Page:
A flexible workplace fit for the future.
Family friendly rights have been back in the headlines after the publication of the Children and Families Bill in February. Championed largely by the Liberal Democrats, these proposals attempt to introduce greater flexibility for both employees and employers - but will they work, and will they result in more or less red tape for employers who are already bemoaning excess regulation? A number of changes are proposed. In relation to maternity rights, the current 52 weeks' maternity leave would remain, but the mother could elect to end her maternity leave after two weeks and share the remaining 50 weeks' of leave with her eligible partner, known as "flexible parental leave".
The Government also plans to extend the right to request flexible working patterns to all workers with more than 26 weeks' continuous service, not just those with a dependent child or adult. To cope with the expected upsurge in requests, the current flexible working application process will be streamlined and made less prescriptive for employers.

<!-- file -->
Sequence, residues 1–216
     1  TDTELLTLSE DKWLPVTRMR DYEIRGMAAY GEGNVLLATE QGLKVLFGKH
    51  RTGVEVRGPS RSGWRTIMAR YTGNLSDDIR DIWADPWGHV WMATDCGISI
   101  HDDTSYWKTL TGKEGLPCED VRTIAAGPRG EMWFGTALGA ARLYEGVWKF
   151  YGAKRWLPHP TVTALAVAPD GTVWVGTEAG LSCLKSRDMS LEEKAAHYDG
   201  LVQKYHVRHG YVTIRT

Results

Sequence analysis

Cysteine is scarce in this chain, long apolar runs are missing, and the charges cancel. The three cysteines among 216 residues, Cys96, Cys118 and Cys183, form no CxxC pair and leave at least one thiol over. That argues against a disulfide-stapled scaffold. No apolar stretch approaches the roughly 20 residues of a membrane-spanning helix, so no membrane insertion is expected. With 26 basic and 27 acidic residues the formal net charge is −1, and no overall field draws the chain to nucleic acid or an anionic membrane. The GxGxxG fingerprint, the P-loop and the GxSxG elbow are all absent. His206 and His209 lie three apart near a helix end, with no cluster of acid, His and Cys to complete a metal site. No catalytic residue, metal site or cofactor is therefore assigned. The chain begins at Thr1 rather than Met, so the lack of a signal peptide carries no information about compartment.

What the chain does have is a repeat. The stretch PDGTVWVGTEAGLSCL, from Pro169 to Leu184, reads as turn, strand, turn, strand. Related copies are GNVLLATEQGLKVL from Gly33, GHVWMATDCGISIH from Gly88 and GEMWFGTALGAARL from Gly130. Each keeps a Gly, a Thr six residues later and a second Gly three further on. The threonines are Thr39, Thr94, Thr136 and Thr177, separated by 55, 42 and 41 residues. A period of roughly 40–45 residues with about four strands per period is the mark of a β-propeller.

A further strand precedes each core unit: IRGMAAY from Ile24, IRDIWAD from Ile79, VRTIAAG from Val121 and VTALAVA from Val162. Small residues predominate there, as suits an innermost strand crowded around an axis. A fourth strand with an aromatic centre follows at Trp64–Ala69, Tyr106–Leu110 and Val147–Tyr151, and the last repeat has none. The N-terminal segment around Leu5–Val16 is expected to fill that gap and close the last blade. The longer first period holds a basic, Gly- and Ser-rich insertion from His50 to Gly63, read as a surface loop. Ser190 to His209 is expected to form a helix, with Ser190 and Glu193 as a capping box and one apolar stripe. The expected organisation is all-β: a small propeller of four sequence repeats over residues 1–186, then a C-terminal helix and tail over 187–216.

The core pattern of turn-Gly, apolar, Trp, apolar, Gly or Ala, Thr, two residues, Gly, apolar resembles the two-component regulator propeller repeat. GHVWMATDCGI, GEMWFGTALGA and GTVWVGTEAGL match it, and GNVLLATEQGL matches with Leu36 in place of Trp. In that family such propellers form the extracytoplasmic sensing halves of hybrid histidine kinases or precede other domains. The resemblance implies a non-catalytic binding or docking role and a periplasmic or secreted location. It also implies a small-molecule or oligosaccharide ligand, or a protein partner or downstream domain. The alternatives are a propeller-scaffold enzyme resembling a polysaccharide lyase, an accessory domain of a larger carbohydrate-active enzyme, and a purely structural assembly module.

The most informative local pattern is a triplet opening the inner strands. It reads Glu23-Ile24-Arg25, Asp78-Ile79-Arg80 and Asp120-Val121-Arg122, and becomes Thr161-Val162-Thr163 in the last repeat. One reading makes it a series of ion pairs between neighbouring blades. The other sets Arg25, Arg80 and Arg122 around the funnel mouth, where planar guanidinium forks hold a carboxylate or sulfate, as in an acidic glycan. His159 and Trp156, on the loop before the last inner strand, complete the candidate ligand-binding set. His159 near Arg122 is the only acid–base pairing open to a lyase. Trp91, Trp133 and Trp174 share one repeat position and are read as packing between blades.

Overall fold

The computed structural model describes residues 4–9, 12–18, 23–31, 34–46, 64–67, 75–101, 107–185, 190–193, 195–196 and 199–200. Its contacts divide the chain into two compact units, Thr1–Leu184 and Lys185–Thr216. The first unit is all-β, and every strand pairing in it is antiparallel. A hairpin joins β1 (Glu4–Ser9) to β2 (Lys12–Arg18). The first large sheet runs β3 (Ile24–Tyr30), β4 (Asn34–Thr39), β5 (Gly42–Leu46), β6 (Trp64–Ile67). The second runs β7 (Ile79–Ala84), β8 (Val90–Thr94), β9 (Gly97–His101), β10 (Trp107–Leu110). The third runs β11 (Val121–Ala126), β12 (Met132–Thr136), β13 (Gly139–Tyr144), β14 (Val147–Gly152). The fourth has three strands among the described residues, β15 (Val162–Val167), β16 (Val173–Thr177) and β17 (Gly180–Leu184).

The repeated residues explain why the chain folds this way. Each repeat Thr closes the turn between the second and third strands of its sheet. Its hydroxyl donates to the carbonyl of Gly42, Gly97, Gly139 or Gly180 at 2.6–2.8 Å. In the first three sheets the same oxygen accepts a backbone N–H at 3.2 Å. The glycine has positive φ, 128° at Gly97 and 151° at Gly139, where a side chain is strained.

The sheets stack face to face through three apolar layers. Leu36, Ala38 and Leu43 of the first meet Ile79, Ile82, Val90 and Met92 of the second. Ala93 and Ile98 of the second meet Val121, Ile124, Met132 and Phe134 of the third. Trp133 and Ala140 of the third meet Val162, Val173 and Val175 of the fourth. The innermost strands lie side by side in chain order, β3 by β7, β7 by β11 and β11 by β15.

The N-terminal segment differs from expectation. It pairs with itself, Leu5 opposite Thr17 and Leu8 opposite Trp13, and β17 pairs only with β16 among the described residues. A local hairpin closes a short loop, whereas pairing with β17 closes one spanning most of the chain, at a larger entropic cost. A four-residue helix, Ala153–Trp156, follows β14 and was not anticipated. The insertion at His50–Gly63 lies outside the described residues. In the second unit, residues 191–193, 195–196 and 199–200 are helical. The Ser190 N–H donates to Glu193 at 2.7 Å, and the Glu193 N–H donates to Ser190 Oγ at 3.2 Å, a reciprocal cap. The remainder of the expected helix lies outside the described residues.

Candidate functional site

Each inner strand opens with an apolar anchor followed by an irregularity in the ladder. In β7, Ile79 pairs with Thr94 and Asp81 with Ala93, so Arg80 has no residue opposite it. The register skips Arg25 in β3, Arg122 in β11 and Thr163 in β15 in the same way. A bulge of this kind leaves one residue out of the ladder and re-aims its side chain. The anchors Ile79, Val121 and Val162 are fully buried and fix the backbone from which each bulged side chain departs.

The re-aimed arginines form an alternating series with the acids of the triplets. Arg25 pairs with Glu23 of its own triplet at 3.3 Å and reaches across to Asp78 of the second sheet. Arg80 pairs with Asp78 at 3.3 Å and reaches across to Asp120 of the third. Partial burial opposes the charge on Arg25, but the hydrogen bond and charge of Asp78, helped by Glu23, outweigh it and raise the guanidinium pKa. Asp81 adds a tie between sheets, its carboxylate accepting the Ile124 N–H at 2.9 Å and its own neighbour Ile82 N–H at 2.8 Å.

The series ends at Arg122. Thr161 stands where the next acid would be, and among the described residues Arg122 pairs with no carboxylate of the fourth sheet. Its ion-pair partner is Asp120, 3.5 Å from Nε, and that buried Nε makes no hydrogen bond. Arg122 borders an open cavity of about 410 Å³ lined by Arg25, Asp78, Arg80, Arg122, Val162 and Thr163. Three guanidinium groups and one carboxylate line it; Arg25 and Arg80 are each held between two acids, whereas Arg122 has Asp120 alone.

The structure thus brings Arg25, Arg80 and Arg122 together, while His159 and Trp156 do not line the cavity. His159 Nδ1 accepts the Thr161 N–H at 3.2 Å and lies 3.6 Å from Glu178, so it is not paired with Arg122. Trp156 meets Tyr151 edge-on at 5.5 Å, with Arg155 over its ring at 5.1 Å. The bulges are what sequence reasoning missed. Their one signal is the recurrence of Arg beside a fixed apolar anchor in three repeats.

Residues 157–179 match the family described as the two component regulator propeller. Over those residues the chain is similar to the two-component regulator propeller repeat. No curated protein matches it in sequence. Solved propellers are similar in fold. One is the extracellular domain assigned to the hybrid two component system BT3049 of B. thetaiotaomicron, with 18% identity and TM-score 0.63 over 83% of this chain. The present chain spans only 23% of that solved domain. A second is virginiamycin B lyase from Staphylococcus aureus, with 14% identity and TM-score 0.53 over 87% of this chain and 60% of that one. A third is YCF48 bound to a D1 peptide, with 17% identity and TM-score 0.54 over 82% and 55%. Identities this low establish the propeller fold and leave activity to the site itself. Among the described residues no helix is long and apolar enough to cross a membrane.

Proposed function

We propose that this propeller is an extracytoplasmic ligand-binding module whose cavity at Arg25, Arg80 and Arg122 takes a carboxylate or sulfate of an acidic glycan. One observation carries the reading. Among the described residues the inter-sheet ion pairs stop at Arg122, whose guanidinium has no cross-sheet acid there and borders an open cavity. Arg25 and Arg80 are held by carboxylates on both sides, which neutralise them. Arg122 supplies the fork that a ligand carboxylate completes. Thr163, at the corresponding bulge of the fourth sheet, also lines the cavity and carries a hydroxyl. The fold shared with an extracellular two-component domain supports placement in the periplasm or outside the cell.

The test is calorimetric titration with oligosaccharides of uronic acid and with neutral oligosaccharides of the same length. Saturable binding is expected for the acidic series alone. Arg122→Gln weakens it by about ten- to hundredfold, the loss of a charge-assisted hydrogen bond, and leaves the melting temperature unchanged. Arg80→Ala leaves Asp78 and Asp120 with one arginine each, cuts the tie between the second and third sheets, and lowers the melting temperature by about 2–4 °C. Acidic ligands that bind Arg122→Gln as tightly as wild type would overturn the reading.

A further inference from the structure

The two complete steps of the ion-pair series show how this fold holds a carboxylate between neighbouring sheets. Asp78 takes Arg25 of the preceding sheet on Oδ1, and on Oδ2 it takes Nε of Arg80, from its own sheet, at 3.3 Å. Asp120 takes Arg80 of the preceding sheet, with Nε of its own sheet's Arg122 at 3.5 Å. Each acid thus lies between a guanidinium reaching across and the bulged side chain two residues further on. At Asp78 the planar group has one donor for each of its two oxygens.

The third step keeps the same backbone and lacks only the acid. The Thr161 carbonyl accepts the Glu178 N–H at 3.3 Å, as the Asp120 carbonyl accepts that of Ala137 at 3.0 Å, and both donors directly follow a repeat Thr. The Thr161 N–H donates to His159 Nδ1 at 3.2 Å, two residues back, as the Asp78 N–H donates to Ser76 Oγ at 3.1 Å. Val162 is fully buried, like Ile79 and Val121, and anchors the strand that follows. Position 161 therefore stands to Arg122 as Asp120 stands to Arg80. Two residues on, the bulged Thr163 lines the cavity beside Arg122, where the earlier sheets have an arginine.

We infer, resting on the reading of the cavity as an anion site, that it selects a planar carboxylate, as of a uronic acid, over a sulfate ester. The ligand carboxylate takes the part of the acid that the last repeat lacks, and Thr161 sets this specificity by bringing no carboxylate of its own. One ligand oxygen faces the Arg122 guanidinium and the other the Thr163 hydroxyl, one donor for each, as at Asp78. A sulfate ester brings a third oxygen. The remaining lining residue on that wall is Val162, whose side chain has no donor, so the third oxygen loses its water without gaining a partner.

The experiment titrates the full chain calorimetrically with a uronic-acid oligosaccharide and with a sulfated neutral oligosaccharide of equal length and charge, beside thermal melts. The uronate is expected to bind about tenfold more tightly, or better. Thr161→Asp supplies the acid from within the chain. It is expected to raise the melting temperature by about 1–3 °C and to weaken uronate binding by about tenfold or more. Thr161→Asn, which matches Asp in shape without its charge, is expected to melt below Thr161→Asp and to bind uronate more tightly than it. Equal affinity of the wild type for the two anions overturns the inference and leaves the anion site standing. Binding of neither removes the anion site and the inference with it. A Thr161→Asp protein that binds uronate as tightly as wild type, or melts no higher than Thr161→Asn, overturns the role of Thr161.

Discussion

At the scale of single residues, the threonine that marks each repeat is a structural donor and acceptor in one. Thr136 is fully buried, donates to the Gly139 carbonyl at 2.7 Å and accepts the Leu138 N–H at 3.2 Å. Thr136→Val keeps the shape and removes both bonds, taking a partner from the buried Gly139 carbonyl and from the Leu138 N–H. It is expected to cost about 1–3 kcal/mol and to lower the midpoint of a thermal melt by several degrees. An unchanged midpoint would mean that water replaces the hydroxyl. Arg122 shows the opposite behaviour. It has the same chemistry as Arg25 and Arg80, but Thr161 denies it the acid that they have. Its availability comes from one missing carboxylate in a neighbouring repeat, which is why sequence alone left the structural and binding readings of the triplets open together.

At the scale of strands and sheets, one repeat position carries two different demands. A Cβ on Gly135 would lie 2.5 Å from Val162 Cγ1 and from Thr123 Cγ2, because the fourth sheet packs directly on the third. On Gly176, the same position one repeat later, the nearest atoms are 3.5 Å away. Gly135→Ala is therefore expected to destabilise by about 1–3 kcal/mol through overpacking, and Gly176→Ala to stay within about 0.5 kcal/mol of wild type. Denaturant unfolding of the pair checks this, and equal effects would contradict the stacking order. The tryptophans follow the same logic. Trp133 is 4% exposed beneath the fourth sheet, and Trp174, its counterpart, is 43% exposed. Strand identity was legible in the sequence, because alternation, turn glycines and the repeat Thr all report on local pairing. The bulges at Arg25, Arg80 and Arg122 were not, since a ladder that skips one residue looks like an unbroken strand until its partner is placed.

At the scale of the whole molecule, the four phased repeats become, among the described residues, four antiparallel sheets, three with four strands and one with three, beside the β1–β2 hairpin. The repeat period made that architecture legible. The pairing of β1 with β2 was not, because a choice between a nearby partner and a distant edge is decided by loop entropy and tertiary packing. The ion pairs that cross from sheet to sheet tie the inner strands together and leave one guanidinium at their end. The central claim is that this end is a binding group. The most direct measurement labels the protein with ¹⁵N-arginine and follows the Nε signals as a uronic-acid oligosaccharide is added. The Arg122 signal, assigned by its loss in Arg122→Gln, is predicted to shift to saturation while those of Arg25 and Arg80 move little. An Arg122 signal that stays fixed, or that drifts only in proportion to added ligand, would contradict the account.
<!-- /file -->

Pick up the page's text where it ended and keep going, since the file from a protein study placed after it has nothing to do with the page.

Other proposals include the right for eligible surrogate parents to take adoption leave and the right for adopting employees to attend adoption appointments during working hours. It will also be made easier for eligible partners to attend antenatal appointments.
Like so much else, whether these reforms will genuinely meet the needs of parents and businesses will depend on the implementation. For businesses, the relaxation of complex processes governing flexible working applications will come as a welcome relief, but will coincide with an increase in the number of applications. Likewise, no-one currently knows how the proposals for shared parental leave will work in practice, given the government's preference that the burden of administering this process will fall on employers. Having said all of this, possibly the biggest brake on the success of these proposals is likely to be economic. The shared parental pay regime is likely to be similar to the current statutory paternal and maternal pay regimes, which currently pay less than the minimum wage. Even the Government's own figures estimate that only two - four per cent of eligible fathers are likely to take up flexible paternity leave.
So while these reforms are likely to be welcomed overall, hard economic reality may mean that, for the time being at least, they are unlikely to herald a revolution in the workplace.
Benedict Gorner is an employment partner at DLA Piper's Birmingham office.